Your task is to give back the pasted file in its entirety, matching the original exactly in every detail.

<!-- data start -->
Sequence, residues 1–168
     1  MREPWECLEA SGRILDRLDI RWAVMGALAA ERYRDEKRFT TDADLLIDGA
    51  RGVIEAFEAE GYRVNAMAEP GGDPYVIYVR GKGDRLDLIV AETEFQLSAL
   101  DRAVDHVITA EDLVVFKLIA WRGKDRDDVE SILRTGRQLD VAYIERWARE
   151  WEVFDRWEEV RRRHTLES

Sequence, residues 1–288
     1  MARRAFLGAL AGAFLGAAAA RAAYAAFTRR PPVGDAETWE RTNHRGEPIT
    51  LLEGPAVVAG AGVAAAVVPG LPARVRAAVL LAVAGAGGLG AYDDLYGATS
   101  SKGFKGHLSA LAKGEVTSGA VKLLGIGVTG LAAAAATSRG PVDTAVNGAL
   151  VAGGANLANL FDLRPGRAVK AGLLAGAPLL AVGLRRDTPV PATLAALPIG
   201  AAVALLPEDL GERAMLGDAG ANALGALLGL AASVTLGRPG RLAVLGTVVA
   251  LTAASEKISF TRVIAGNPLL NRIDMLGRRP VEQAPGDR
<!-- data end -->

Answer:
Sequence, residues 1–168
     1  MREPWECLEA SGRILDRLDI RWAVMGALAA ERYRDEKRFT TDADLLIDGA
    51  RGVIEAFEAE GYRVNAMAEP GGDPYVIYVR GKGDRLDLIV AETEFQLSAL
   101  DRAVDHVITA EDLVVFKLIA WRGKDRDDVE SILRTGRQLD VAYIERWARE
   151  WEVFDRWEEV RRRHTLES

Sequence, residues 1–288
     1  MARRAFLGAL AGAFLGAAAA RAAYAAFTRR PPVGDAETWE RTNHRGEPIT
    51  LLEGPAVVAG AGVAAAVVPG LPARVRAAVL LAVAGAGGLG AYDDLYGATS
   101  SKGFKGHLSA LAKGEVTSGA VKLLGIGVTG LAAAAATSRG PVDTAVNGAL
   151  VAGGANLANL FDLRPGRAVK AGLLAGAPLL AVGLRRDTPV PATLAALPIG
   201  AAVALLPEDL GERAMLGDAG ANALGALLGL AASVTLGRPG RLAVLGTVVA
   251  LTAASEKISF TRVIAGNPLL NRIDMLGRRP VEQAPGDR